News

PSU takes on regional sustainability with the Emerald Corridor Collaboratory
Author: Christina Williams
Posted: February 26, 2019

At Portland State University, we often talk about our urban campus as a living laboratory where the Institute for Sustainable Solutions (ISS) and partners across the university and throughout the community build partnerships and test new ways to improve the sustainability and livability of our world.

The Emerald Corridor Collaboratory includes city-university partnerships in Portland, Seattle, Bellingham and Vancouver.But what if we started broadening our idea of a living lab to the broader Pacific Northwest region?
 

Last year, ISS joined a regional pilot project called the Emerald Corridor Collaboratory that aims to do just that by joining four universities and four Pacific Northwest cities in a quest for better, more effective partnerships.

Funded by a $100,000 grant from the Seattle-based Bullitt Foundation, the Emerald Corridor Collaboratory is a regional platform for creating transformative city-university partnerships to advance environmental sustainability and livability of the growing urban region between Portland and Vancouver, B.C.

“This region has the opportunity to be a model for the world for how to do cities right,” said Steve Whitney, senior program officer for Bullitt. “We want to help cities address traditional development-related issues like housing and transportation but also recognize the infrastructure benefits that mother nature provides in support of urban sustainability and human well-being.”

Through its work with the PSU Institute for Sustainable Solutions, the Bullitt Foundation was able to observe the partnership between ISS and the City of Portland, which for years has worked together on local climate-related issues, making connections between PSU faculty and students, community partners, and city staff. Looking at the broader northwest region, Whitney and his colleagues saw an opportunity to expand the model while allowing other city-university partnerships to learn from one another up and down the Cascades.

The Emerald Corridor Collaboratory is made up of four city-university pairs including Portland and PSU; Seattle and the University of Washington; Bellingham, Wash., and Western Washington University; and Vancouver, B.C., and the University of British Columbia.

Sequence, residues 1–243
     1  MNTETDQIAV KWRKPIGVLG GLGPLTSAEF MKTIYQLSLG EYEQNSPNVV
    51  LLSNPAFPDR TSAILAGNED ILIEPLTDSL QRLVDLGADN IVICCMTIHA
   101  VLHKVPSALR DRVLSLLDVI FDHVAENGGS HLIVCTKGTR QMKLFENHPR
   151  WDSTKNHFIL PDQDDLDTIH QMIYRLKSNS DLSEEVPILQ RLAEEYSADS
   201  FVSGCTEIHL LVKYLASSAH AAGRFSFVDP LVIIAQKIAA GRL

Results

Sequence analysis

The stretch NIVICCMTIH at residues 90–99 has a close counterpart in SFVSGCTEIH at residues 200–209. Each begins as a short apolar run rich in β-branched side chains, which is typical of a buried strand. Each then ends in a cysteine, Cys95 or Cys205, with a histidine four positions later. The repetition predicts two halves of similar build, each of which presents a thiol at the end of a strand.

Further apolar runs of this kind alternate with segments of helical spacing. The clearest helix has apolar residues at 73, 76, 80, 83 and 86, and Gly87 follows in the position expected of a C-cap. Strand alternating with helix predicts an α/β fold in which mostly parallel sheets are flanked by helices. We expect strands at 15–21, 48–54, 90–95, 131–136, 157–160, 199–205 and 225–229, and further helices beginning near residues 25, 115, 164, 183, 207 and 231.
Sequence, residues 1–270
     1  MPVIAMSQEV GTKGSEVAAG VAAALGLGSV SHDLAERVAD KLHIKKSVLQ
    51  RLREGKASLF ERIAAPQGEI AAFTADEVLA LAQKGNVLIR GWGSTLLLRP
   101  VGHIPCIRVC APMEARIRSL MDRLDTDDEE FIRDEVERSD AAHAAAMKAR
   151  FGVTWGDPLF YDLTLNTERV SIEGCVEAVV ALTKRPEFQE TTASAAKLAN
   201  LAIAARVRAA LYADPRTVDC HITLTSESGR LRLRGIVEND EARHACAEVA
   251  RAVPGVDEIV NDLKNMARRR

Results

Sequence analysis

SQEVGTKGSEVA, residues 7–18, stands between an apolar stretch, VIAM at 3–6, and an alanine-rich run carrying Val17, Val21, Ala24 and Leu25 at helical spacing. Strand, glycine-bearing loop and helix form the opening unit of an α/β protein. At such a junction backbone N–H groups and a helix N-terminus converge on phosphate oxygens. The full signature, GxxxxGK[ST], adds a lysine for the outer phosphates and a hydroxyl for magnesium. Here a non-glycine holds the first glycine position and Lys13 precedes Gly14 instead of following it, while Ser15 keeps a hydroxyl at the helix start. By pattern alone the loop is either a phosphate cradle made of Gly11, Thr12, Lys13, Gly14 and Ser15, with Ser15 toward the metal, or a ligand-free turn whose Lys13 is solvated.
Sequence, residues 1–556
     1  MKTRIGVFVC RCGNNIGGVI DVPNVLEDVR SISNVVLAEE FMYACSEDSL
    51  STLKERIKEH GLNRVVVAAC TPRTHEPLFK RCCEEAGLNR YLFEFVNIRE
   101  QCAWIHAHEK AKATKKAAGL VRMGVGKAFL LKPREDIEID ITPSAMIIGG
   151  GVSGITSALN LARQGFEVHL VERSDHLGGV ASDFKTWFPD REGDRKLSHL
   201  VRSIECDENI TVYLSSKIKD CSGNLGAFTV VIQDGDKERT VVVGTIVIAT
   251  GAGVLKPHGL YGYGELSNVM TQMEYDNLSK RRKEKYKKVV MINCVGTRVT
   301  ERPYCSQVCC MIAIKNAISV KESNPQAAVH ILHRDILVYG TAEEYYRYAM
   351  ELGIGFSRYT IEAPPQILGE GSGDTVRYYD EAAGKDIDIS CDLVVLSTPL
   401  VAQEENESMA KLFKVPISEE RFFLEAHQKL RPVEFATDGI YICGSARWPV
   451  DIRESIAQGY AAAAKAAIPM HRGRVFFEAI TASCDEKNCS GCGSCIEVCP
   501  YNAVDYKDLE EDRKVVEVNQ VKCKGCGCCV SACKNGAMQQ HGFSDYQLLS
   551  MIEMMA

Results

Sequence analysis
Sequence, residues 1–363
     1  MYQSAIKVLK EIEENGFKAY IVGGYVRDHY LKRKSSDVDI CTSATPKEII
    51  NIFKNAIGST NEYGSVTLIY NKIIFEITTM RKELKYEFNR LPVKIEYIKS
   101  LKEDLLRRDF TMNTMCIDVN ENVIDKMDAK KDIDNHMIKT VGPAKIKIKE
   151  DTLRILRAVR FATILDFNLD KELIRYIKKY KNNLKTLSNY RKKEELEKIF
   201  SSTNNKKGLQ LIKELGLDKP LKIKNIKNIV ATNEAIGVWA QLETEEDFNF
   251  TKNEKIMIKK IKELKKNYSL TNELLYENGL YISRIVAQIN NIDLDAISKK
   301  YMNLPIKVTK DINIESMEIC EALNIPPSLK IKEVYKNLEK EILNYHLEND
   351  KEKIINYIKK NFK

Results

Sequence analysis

Since the kick off of the Collaboratory last June in Seattle, each city-university pair has worked on project development in their own regions and the group meets periodically to share what they’ve learned. Last month, the Collaboratory convened in Portland for a series of work sessions at Portland State and a field trip to the ReBuilding Center where participants learned about Portland’s policy about the deconstruction of older homes and PSU’s role in helping the city lay the groundwork for that policy.

“We shared the story about how our close partnership with the city allowed us to respond to their need for economic research that would show how the deconstruction of older homes — as opposed to demolition — would impact the local economy and jobs,” said Molly Baer Kramer, project manager with ISS. "ISS then identified faculty at the PSU's Northwest Economic Research Center to take on the study.”

In late 2016, a new ordinance went into effect in Portland requiring that homes built in 1916 or earlier—or homes of a designated historic significance—must be deconstructed instead of being demolished. The Collaboratory members heard from a city official, a PSU adjunct faculty member, and a representative of the ReBuilding Center — who were all involved directly in the policy development — on how it has played out.

Jennifer Davison, program director for Urban@UW, a research center at the University of Washington that is managing the Emerald Corridor Collaboratory, said site visits like the ones so far in Seattle and Portland provide opportunities for the participants to start building a shared understanding about what types of city-university partnerships are most effective — but also how the network can work together beyond the bounds of each city.

“We’re pretty clear on what the challenges are that are common to all four partnerships and the diversity that is unique to each partnership,” Davison said. “What we’re starting to understand is what are the regional challenges we can take on as a network and add more value than just taking them on by ourselves.”

As a group of city-university partnerships, the Collaboratory is focused on sustainability and livability for urban spaces — specifically concerning the challenges presented by climate change and how it will affect populations disproportionately due to equity issues.

Specifically, Collaboratory participants are working with their city partners on issues including disaster preparedness and the development of greener urban infrastructure and transportation options. Along the way, they’re taking a close look at what goes into a successful partnership — lining up the differing priorities of academics and city government — and how they can be improved and built to last into the future.  

Thaisa Way, a professor of landscape architecture at the University of Washington and the faculty lead on the Collaboratory grant, said the most meaningful outcomes of the project will be a regional mindset and a new, more systematic approach to problem solving. “Our most wicked challenges require the most complex thinking,” Way said. “We really have everything in this region to solve the problems. If we don’t think of it regionally, we’re missing the point.”